Dr. Chavis, who tried to attract young members and form alliances with black nationalist leaders during his 17 months heading the NAACP, was fired in August after secretly committing $332,400 in NAACP funds to settle a threatened sexual-harassment suit.
Annapolis Alderman Carl O. Snowden, an NAACP life member, said the group could help restore its more than 400,000 members' faith in the organization by allowing them to vote for executive director. But the board isn't likely to relinquish control over the process.
Mr. Snowden said the NAACP's deficit is less a money problem than a crisis of confidence.
"It's a disgrace," he said. "Given the wealth that exists in the African-American community alone, it should not be taking as long as it has to retire this debt."
This convention, which is expected to draw about 16,000 people, will be Mrs. Evers-Williams' first as chairwoman. She addresses the convention tonight.
One test of her strength as chairwoman may come as the convention elects an at-large member of the board. Joseph E. Madison, a close Evers-Williams ally and vocal critic of the Chavis-Gibson leadership, is up for re-election. The Rev. Wendell Anthony, president of the Detroit NAACP and a Chavis-Gibson supporter, is expected to challenge him.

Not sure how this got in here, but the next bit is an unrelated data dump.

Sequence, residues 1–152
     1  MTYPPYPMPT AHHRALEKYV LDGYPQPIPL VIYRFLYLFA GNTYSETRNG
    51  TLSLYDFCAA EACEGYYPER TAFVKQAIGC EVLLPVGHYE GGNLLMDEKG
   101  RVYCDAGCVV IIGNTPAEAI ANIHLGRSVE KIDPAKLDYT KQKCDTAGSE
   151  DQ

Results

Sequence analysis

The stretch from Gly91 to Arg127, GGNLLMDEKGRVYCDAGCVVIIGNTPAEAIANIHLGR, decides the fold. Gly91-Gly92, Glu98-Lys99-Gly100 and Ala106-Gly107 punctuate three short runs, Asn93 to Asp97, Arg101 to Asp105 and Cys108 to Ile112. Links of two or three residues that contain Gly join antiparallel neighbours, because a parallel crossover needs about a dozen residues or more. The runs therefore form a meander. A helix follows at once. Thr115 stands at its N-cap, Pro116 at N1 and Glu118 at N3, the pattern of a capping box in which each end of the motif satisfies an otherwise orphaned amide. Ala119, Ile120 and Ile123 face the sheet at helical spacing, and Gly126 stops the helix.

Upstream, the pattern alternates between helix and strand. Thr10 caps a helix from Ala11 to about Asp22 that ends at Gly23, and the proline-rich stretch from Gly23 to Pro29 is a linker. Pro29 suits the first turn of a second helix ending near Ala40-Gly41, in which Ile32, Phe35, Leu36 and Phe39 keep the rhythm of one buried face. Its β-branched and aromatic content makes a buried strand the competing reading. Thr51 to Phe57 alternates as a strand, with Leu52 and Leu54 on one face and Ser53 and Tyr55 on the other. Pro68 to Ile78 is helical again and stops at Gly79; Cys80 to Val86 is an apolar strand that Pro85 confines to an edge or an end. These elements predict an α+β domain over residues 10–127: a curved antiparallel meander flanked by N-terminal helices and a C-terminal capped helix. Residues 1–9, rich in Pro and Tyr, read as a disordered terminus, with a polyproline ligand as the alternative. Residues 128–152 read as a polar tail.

Mr. Madison, a Washington radio personality, drew some criticism for washing the NAACP's dirty laundry in public, but he said he expected the convention to support his outspokenness.
"Too many people were not willing to speak up publicly about what was going on, therefore creating a veil of secrecy around our problems," he said.
Mr. Madison said he hoped the veil would be lifted completely at the convention, which runs through Thursday.